There are certain moments in history created by unique circumstances that have to be seized upfront. Such moments, if utilised properly, provide huge potential for progress, harmony and justice. But if such moments are lost, the unique opportunities they could have provided rarely return, leaving behind a trail of deep regret for missing out on the possibilities of great achievements for the betterment of humanity.
Such a moment in India’s history came in the previous century when three of the country’s bravest – Bhagat Singh, Sukhdev Thapar and Shivaram Rajguru – were given the death sentence by the highly arbitrary, contrived and manipulated justice system of the colonial regime. Violations of the principles of justice during the course of the trial were widely recognised, such that there was even a campaign even in Britain to take back the death sentence. In India, people across the country were vociferous in their demand for the death sentence to be withdrawn.
This was just the right time for the Congress-led mainstream freedom movement to launch a huge national level campaign demanding the death sentence be taken back, perhaps going so far as to say that a prison sentence would be accepted. In fact, a larger demand of the campaign could have been for the death sentence to be done away with completely for those who face trial for their involvement in the freedom movement.
Such a demand would have been well within the principles of peaceful struggles emphasised by Mahatma Gandhi. In fact, it has been one of the enduring demands of the peace movement that there should be no capital punishment.
In early 1931, the nation was ready for such a mass movement. It is well known that the Bhagat Singh Appeal Committees had been set up in all districts of Punjab and people, including students, had come out in huge numbers on the streets, braving police attacks, to demand the commutation of Bhagat Singh, Sukhdev and Rajguru’s death sentences. What may not be known is that at the other end of the country, the Tamil Nadu Congress Committee had insisted that commuting this death sentence was an essential condition for peace.
While Sukhdev and Rajguru were extremely brave and capable persons, Bhagat Singh should be singled out as someone who in due course would have emerged as a stalwart of the global socialist movement, in addition to his significant national role. Even a cursory look at his achievements in his young life is enough to convince anyone of the man’s potential. Millions of people, particularly women and youth, felt emotionally attached to Bhagat Singh and his comrades, and thus felt strongly about saving their lives.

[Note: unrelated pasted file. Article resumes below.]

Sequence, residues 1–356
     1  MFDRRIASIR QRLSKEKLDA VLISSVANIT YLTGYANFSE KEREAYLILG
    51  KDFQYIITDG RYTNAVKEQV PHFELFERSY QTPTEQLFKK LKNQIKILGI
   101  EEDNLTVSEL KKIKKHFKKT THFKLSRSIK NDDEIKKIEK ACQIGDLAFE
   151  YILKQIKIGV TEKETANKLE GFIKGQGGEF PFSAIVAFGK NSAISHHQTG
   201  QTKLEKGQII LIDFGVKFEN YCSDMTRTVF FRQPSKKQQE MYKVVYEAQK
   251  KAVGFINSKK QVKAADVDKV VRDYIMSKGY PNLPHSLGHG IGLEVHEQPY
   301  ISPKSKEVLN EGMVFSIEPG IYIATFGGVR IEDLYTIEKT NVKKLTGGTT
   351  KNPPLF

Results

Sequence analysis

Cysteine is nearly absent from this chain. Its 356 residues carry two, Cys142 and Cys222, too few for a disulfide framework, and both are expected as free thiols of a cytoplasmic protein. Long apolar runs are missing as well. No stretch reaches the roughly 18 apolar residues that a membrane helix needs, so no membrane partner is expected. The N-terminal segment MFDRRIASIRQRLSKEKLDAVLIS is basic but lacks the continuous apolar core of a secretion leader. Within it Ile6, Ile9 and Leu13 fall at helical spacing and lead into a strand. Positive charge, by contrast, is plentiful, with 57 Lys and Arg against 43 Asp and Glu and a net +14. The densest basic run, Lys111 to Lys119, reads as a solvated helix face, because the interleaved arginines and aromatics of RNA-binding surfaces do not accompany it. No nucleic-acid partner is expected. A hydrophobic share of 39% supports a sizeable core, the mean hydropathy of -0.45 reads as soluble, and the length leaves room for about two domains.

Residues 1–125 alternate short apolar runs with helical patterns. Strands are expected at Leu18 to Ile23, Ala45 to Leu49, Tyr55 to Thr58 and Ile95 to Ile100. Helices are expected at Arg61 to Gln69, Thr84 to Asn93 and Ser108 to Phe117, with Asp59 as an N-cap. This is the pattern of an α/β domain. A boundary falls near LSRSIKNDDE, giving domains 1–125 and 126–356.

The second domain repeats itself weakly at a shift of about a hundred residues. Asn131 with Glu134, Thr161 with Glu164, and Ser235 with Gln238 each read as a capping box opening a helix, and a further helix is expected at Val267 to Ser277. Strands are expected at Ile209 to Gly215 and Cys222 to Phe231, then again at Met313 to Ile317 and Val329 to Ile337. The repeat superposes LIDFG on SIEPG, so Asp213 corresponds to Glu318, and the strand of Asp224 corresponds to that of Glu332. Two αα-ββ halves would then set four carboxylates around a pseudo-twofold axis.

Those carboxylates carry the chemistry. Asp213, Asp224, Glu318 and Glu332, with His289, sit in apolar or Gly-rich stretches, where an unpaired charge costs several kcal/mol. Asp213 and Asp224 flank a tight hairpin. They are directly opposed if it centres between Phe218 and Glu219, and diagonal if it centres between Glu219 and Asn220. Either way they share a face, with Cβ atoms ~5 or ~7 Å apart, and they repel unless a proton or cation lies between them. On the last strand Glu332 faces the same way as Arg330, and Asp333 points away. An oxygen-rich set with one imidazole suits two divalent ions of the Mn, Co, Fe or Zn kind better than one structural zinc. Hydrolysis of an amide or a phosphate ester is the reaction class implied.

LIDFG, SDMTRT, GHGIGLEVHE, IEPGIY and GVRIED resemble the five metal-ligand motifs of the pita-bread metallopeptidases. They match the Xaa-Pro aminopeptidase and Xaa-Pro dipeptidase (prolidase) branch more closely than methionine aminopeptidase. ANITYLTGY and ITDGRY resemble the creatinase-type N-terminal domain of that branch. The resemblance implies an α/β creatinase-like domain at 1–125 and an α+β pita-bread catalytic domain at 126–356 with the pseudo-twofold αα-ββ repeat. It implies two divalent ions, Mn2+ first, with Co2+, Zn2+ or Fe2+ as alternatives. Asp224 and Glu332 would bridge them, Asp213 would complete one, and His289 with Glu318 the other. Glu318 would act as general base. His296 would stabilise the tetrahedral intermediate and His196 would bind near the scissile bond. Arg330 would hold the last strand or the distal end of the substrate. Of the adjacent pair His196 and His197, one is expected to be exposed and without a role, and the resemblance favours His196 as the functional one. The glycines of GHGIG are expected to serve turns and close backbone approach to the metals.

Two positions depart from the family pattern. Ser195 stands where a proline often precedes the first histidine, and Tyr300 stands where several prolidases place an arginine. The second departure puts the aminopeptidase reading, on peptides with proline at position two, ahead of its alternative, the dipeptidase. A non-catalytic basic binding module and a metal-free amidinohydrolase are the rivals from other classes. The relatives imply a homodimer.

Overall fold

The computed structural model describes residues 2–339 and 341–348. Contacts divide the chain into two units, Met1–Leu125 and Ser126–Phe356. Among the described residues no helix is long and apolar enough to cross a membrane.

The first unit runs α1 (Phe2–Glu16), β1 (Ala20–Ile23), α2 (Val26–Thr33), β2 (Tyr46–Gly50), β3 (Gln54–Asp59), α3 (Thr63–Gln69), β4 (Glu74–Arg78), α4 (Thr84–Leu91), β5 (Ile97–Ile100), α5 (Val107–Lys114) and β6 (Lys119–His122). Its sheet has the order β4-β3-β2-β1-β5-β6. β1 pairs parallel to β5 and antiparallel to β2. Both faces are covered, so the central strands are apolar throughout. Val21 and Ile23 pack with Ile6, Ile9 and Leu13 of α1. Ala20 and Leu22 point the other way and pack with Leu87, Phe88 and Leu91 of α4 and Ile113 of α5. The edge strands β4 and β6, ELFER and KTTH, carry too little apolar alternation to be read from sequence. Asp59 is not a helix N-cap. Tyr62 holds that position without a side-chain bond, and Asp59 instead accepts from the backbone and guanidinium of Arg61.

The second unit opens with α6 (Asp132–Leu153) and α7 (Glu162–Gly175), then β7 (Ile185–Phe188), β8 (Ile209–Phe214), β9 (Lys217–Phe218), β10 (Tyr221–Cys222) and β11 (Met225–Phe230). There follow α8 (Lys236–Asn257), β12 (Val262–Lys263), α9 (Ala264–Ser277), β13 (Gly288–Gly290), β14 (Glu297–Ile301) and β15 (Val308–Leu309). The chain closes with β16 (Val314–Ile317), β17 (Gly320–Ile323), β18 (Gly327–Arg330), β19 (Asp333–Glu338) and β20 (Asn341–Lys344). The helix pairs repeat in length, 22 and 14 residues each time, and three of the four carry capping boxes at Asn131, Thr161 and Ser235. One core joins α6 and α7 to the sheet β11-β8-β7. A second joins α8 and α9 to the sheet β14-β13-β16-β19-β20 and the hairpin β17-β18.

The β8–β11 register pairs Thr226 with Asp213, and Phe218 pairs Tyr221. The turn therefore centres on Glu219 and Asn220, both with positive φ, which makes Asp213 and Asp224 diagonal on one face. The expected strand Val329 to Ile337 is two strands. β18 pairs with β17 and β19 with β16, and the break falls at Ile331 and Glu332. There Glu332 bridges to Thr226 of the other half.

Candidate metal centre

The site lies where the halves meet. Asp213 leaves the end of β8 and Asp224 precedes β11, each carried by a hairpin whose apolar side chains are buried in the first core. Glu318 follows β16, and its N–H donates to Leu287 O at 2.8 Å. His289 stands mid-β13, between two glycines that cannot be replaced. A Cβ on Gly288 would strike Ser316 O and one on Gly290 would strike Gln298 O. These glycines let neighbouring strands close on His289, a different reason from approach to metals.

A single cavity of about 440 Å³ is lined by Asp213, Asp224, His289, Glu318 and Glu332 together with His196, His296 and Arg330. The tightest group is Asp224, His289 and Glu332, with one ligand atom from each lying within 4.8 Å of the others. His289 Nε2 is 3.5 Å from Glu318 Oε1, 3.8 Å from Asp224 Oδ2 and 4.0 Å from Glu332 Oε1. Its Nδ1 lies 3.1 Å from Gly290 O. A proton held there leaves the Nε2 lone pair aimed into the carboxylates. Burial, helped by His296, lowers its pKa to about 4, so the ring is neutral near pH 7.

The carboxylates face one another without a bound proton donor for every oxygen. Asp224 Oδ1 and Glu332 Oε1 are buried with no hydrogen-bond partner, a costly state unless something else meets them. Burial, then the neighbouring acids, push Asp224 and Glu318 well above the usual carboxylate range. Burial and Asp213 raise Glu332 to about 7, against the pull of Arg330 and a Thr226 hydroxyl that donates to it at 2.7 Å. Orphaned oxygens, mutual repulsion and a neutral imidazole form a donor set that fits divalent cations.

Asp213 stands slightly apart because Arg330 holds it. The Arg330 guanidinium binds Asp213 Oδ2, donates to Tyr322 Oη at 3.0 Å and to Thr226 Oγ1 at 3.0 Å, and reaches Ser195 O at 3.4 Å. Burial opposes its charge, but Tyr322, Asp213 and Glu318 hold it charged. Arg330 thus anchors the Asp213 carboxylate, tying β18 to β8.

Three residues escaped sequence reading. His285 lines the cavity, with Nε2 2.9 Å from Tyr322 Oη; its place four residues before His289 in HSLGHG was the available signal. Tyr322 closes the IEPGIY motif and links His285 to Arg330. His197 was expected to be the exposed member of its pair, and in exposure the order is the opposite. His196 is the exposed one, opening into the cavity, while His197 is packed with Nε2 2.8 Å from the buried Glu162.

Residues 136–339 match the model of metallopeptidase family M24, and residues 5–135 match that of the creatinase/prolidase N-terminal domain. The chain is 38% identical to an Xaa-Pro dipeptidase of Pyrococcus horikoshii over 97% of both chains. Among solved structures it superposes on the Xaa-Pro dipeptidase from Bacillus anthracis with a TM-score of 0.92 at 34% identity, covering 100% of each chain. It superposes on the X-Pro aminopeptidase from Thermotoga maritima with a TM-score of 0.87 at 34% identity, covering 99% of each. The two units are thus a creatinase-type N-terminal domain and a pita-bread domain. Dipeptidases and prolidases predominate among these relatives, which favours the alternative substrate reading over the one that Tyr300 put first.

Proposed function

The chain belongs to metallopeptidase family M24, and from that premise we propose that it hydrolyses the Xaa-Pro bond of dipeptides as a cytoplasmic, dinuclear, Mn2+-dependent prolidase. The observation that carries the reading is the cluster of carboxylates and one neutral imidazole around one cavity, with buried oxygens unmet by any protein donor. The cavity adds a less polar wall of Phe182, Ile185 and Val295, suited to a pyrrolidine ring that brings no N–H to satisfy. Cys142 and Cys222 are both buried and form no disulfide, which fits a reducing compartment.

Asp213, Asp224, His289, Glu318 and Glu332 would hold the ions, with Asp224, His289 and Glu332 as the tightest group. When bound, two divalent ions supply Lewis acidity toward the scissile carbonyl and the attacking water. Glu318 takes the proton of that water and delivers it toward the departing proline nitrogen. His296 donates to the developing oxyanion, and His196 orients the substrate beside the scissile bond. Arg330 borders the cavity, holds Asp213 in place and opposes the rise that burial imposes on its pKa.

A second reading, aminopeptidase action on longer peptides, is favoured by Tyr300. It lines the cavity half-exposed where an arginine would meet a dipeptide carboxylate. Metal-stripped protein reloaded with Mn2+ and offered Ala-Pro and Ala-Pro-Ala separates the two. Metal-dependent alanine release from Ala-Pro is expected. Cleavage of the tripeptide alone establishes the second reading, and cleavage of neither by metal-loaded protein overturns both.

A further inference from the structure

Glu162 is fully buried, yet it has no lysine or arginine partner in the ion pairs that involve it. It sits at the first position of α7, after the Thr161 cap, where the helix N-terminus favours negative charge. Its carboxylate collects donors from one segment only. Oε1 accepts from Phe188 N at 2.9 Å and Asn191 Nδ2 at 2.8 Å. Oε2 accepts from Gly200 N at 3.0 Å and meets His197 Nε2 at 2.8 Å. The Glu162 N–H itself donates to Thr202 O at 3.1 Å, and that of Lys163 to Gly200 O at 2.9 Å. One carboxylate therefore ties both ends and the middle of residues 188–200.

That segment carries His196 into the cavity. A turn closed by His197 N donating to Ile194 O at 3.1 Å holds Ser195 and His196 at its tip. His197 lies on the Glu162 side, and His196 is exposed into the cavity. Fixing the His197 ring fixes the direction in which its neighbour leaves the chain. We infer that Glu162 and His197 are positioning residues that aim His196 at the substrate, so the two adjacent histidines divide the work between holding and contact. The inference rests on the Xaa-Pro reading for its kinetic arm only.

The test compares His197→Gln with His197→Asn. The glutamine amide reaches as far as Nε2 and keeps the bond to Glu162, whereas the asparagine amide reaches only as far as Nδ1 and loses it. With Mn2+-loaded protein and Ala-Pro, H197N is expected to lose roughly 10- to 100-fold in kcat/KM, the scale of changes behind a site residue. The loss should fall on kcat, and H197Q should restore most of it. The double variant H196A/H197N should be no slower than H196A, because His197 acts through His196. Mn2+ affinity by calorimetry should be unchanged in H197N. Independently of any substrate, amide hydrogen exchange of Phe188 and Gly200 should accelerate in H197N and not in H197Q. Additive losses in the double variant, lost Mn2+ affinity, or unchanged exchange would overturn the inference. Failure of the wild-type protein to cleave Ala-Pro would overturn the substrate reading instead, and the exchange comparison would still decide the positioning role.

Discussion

Thus, the immediate aim of saving their lives was reason enough for the movement to be launched. Such a movement is, in fact, likely to have also succeeded in achieving much wider objectives.
At that stage in the freedom struggle, it was important to inspire and attract more people to join the movement. Bhagat Singh had clearly understood clearly that secretive efforts for freedom had limited potential in inspiring others. This is why even though the colonial regime had failed to catch him, Bhagat Singh came out in the open by indulging in a public act of defiance, offering himself for arrest. From then, all his acts were open to the public, serving as inspiration for others to join the freedom movement.
The great sacrifices that Bhagat Singh and his close colleagues like Jatindra Nath Das made in jail, including fasting for over 60 days and enduring torture and beatings, inspired a great number of people to join and support the freedom movement. Several thousand people gathered at various places to pay homage to Das when he died after a 63-day fast. Given this nation-wide sentiment, it is safe to assume that had a national movement been launched seeking the withdrawal of the death sentences, many people would have been inspired to join the larger freedom movement.
But an even bigger gain would have been to strengthen the wider unity of the Congress and the revolutionaries. Some of the Congress’s most popular leaders, such as Subhash Chandra Bose and Ganesh Shankar Vidyarthi, would have been happy with this as they would have been able to mobilise a large number of enthusiastic and determined people. This coming together of two streams would have also avoided the conditions under which Bose later had to leave India. Above all, the coming together of the two streams would have also greatly strengthened the forces of communal harmony. Perhaps, India would have been able to achieve independence earlier than 1947, maybe even without riots and partition.
Unfortunately, this great opportunity was lost as the Congress failed to launch a big national movement for the commutation of the death sentence. Bhagat Singh, Rajguru and Sukhdev were hanged by the colonial regime on March 23, 1931.
Bharat Dogra is a freelance journalist who has been involved with various social movements and initiatives.